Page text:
Moving along in the Epistle to chapter 2, it is as if Paul is demonstrating to his Christian audience how he might preach the gospel in the Roman Synagogue if he ever made it to their city. No sooner had he finished denouncing a long list of activities that would, in the eyes of any self-respecting Jew, highlight the depravity of the Gentile world than he turned to the people who were saying "Amen": "You, therefore, have no excuse, you who pass judgement on someone else, for at whatever point you judge the other, you are condemning yourself, because you who pass judgment do the same things." This is traditionally taken as an indictment against hypocrisy, which was then added to the long list of sins. But what if the target was the whole mentality that was so keen to point out the differences between Jew and Gentile that it was erecting a barrier between God and the people he wanted to reach? This would explain why Paul goes on to say in 2:24 that "God's name is blasphemed among the Gentiles because of you."
If this was his point, that long list of sins - including the "unnatural" sexual acts - was primarily rhetorical. The apostle's main aim was to expose the judgemental attitude of his audience. In this light, it is very hard to work out what his own attitude toward these "unnatural" acts might have been.
The only other text in the entire New Testament where something is described as being 'against nature" comes later in Romans itself, chapter 11. In verse 24, Paul referred to the Gentiles as the wild olive branches whom God was grafting "against nature" into the cultivated olive tree of Israel. It was God himself who was the perpetrator of this "unnatural" act. And it was precisely the same people who would have objected to the unions of chapter 1 that would most likely oppose the bringing together of Jew and Gentile.
For a while the sexual unions in question were naturally infertile and devoid of commitment, but God's faithfulness was now bearing fruit. With the entry of the Gentiles into the covenant, God's promise to Abraham to give him descendents as numerous as the stars was finally being fulfilled. God was acting "against nature", but far from breaking the order of creation, he was breaking through the barriers that people were putting up.
Is it ironic that a letter written to oppose one form of exclusion is now being used to perpetrate another? Once, Gentiles were told they could join God's people only if they were circumcised according to the Jewish norm. Today, we insist that gays and lesbians conform to the heterosexual norm. Paul was out to expose a judgemental and exclusive mindset. Today we misuse his writings and demonstrate that this same mindset is still flourishing.

Thursday, November 03, 2005

The Struggle of Faith: Covenant as Power-Sharing

In Genesis 18:16-33, we find God and two companions meeting with Abraham before the destruction of Sodom and Gommorrah. God's intent is to destroy the cities. God askes his companions, "Shall I hide from Abraham what I am about to do...?" (verse 18). But God wants Abraham's wisdom. In verse 22, God's two companions leave and, according to the NRSV, "Abraham remained standing before the Lord". However, there is an ancient Hebrew scribal tradition that preserves another text at this point and there are very good grounds for believing that it reflects the original. According to the NRSV footnote this ancient tradition reads, "while the Lord remained standing before Abraham". Likewise, the New Jerusalem Bible reads: "While the men left there and went to Sodom, Yahweh remained in Abraham's presence." Scribes tended to smooth out the harder readings. The harder reading, however, tends to be the correct reading, in this case, "Yahweh remained in Abraham's presence." The passage was changed to place Abraham in the role of submission. However, according this ancient Hebrew scribal tradition, God adopts the role of waiting, of submission.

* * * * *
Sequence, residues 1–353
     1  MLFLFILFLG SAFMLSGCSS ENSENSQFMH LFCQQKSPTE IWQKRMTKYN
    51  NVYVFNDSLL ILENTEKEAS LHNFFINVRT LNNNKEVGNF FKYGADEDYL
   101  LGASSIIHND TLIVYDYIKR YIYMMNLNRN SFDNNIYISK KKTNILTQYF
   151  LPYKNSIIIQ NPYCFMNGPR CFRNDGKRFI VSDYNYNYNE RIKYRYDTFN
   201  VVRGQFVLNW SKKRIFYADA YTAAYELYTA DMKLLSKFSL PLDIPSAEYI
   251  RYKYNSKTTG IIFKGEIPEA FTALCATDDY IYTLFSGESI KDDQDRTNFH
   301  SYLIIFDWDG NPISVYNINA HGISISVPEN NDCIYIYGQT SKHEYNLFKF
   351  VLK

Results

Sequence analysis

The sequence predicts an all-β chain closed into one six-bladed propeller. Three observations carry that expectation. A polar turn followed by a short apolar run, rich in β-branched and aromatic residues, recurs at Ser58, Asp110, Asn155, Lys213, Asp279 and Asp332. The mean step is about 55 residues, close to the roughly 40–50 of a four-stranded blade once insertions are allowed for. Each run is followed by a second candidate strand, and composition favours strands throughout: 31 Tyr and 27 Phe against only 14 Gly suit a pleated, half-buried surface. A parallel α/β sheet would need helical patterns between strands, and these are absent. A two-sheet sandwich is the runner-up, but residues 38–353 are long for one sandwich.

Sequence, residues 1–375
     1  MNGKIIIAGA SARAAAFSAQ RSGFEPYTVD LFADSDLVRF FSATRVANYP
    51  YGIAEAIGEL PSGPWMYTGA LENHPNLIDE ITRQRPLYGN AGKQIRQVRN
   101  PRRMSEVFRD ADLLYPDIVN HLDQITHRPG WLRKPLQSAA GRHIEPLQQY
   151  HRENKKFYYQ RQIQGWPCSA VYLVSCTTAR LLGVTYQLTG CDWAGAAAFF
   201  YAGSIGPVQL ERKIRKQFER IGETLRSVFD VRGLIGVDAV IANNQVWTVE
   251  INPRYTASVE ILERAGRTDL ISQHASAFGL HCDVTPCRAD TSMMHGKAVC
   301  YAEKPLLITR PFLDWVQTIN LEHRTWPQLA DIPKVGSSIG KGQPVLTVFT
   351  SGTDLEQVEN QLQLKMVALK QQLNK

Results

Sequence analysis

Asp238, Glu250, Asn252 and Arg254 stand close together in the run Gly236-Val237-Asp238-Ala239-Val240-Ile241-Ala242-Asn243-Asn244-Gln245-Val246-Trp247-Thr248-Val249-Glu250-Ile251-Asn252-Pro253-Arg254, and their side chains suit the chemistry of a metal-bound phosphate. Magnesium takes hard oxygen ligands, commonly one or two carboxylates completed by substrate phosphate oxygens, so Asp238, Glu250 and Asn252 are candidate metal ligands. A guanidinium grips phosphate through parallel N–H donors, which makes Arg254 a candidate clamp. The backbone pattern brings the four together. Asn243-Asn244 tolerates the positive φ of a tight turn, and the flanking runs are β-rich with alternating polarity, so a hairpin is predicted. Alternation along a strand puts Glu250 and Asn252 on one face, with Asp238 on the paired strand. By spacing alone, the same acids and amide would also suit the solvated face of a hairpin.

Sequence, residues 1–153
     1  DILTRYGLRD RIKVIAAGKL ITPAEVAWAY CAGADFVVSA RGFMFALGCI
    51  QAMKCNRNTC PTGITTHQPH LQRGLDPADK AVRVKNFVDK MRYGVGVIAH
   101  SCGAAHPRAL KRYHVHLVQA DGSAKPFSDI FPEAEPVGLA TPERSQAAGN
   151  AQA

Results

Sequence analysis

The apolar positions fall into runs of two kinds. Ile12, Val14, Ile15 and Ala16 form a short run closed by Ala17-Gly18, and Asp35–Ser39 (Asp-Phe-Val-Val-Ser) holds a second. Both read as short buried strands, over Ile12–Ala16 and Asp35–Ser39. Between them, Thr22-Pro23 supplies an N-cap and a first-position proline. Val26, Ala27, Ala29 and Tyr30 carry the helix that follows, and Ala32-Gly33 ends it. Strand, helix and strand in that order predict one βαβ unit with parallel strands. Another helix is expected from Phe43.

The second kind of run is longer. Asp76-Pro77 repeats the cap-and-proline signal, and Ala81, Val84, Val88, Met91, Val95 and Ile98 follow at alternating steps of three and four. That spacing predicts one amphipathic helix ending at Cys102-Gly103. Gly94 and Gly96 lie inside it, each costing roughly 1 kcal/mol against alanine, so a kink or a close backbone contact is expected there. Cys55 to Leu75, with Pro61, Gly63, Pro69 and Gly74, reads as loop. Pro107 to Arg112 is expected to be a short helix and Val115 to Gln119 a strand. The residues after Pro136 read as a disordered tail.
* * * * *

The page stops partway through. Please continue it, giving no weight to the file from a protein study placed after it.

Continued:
In the following verses (23-33), Abraham's interchange with God is remarkably bold. "Will you indeed sweep away the righteous with the wicked? Suppose there are fifty righteous within the city; will you then sweep away the place and not forgive it for the fifty righteous who are in it? Far be it from you to do such a thing, to slay the righteous with the wicked, so that the righteous fare as the wicked! Far be that from you! Shall no the Judge of all the earth do what is just?" (23-25) To which the Lord concedes, "If I find at Sodom fifty righteous in the city, I will forgive the whole place for their sake" (26). This conversation continued until the Lord agreed to spare the city for the sake of ten (verse 32). Here, it seems, faith is portrayed as struggle rather than obedience. "Israel", as we may remember, means "the one who wrestles with God" ("Islam" means "the one who submits to God"). "Submission" does not seem to be a word that captures the "covenantal" character of the Biblical Story. The Covenant is a struggle between God and Humanity, a sort of power-sharing, not a submissive obedience to a heteronomous God.

Wednesday, November 02, 2005

A Passing Thought

"I think therefore I think I am." - Wendell Berry, "A Passing Thought", Given

I have finally broken down and started a blog. I guess an introduction is in order and perhaps a few remarks about the blog.
My name is Chris Allers. I am from Grant, MI but am currently in my first year of graduate school at the Institute for Christian Studies in Toronto, studying particularly the Philosophy of Religion.
My interests include, but are not limited to:
1. The Interconnectivity of Creation. Maintaining and enacting these connections.
2. The Importance of Place, Community, and Home. I am indebted to authors and scholars such as: Wendell Berry, Matt Bonzo, Steven Bouma-Prediger, Brian Walsh, Wes Jackson, John Inge, Edward S. Casey, etc.
3. Patriotism as "the love for one's place", not as an ideological, abstract love (?) of a vast space, a nomadic people, a present set of governmental leaders, abstract national ideals (that dissolve into the rhetoric of self-justification and self-righteousness), the market, a violent foreign policy...or whatever American Patriotism means.
4. Canonical/Narrative View of the Problem of Evil. Authors such as: Nik Ansell and Tom Wright.
5. The Covenant as power-sharing (as opposed to heteronomous).
6. The Interface between Neo-Calvinist Reformational Philosophy and the Western Philosophical Tradition.
7. Peaceableness. "If we are serious about peace, then we must work for it as ardently, seriously, continuously, carefully, and bravely as we have ever prepared for war." - Wendell Berry, "A Citizen's Response", Citizenship Papers.
8. Agrarianism.
9. Music. From Led Zepplin to Pedro the Lion, James Taylor to Nada Surf, Bob Dylan to Ozma.
10. Joking around. If you come to this site looking for serious, intellectual conversation, you may be let down at times. You are welcome to joke around with the rest of us, or you can check back at another time for conversation that may better satisfy your intellectual hunger.

I like other things too.

In summary, I will post whatever is on my mind.

One last thing, I am interested in hearing your thoughts. However, if you are not a registered user, please leave your name (or some name or whatever) so that responses can be directed to you easily and so all can identify who the responses are directed toward.
Call yourself Jim, Hog Willy Magoo, or even "Socrates is Identical". I don't care.